Hey all,I really want to push Dell to implement a 120 hz monitor option on their new laptop of the 7000 gaming line. A quality gaming experience really needs a higher refresh rate than just the standard 120 hz. For people like myself, a higher refresh rate really improves the game quality of FPS and is just an overall smoother experience in and outside of gaming. I understand that the Alienware line has the 120 hz option, but as a consumer, not everyone wants a flashy Alienware.I don't anything that screams, "GAMING" and from what I have seen other people feel the same way. As for the white letters on the keyboard option, it could help some people see the keyboard better because the red is really dark on the black.Other companies such as HP have implemented this in their Omen 2017 gaming laptop line for an extra $60 and I really want the same to be available for the Dell gaming laptops. I would not hesitate to spend the extra money for the better refresh rate. Dell, you have been highly criticized for the display that lacks on your 5000 gaming line and if you guys could implement this option as soon as possible on the new 7000, it would be amazing!
Here's an idea... how about Dell or a Dell rep acknowledge the threads on this site?Yes, I see that the status is "Acknowledged", but that looks scripted to me - automatic server process.We're taking time out of our day to give Dell free ideas, when we actually don't even know if our posts are being read.Perception is everything.
3 s – stability security save A new concept for smart people Ordinary people use computer for different goals- use computer to play games or navigate to internet and to use social media- use to write, to draw or to calculate tax- use to make shopping and payThe specialist use computer at work for different and special jobs But all this need 3 s 1.stability at operation system and have a button or a key combination to revert at a stability version of software when take a virus2. security for date who use and for work who made3.save periodically the work For example, an account makes and write everyday thousand of operation and he is needing to save his work. Maybe if the computer has an additional hard disk who save the accounts work - the account is happier – this is a computer for accounting – your data is save automatically A parent want that the children make safety when navigate to internet and maybe if parents receive a data report (make a simple software) and have possibility to block some address … a intelligent parents choose this product who have a little software When your computer receives a virus is a bad day and is must to go to a specialist to fixes ..but if I have a key combination… PS. a account search for a solution to save daily work, a parent search a solution to control internet navigation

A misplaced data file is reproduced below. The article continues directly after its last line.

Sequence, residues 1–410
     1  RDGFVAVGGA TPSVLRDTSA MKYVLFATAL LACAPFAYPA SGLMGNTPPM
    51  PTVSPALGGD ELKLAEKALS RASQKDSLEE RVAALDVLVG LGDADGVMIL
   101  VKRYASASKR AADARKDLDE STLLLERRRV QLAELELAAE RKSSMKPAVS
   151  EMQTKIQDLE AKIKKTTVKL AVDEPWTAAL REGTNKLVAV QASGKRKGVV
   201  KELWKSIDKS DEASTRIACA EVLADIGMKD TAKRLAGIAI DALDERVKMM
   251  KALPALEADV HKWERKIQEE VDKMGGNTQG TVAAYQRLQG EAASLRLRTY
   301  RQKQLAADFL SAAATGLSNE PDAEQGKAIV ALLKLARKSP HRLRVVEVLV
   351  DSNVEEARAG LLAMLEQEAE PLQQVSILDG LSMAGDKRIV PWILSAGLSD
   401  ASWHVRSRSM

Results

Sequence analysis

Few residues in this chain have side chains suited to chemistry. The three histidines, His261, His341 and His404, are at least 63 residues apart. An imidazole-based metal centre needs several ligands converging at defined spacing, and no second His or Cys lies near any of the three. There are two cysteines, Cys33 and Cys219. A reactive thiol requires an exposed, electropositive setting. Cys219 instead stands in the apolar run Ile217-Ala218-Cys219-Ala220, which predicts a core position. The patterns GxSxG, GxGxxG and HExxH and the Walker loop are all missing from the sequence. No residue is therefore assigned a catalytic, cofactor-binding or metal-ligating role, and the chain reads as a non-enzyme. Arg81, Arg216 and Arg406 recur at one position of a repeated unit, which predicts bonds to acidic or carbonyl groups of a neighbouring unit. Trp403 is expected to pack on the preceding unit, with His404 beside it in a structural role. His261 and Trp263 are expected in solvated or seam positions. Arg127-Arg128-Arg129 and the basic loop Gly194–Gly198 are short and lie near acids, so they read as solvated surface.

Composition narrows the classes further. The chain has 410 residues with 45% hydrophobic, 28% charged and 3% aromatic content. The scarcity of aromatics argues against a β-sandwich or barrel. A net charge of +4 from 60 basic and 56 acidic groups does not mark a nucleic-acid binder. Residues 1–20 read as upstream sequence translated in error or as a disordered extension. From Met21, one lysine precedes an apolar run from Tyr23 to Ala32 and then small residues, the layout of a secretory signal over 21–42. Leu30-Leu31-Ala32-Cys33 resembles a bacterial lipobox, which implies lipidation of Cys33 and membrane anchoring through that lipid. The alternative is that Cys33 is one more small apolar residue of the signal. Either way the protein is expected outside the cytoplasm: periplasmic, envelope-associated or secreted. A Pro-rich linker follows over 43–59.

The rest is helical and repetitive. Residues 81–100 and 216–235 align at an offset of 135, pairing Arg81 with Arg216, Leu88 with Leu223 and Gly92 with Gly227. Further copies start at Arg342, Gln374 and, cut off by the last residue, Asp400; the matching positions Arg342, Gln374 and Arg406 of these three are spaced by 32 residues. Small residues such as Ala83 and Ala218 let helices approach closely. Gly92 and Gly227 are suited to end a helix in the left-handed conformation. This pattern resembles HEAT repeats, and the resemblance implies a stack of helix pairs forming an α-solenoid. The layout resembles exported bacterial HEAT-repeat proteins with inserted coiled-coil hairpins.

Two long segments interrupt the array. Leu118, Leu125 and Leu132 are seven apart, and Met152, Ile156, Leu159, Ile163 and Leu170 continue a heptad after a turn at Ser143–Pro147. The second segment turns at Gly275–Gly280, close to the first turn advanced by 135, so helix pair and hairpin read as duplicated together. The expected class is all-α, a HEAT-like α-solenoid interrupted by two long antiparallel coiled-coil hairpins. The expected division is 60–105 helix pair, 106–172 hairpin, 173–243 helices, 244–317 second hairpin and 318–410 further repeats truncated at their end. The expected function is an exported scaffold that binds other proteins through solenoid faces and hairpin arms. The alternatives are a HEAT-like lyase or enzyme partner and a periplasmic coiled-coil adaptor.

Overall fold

Bring back the Dell Alienware 18" laptops.I've owned the XPS 17", the Alienware 17", Precision M6500; I've owned quite a few -- Nothing compares to the Alienware 18R2.Yes, its a gaming machine, but I use mine for day to day business and my 18R2 puts to shame anthing else.I've seen clients pull out their Asus, Sony, HP, ... whatever they have and side by side, it does NOT compare to the Dell AW 18R2. Quite often I get asked, "Where can I get one of those??" and sadly I have to tell them "they're no longer available". Ya, its big, its a bit heavy, but if you want a 18" monitor with horse power enough to drown most workstations, then (IMO) the extra baggage is worth it. But that drives another question: Why did Alienware initially make a 18R2? Then why did they discontinue it? I think this are all valid questions to ask and Dell should answer them. So many times we see a product discontinued and no reason as to why. Recently: I purchased a brand new Precision 7720 (Intel Core i5-7440HQ, 512 SSD, 8G) and a Lattitude 7275 ( 6th Generation Intel Core m7-6Y75 Processor, 256 SSD 8G, last week. Side by side my 4 year old AW 18R2 crushed both of them. The only thing that might be tied, is the graphics between the 4k card on the tablet an the 18R2. To the human eye, both were stunning, but lets be real -- Any GPU or CPU intensive tasks on that tablet and you'll be right back here, putting a vote on this page.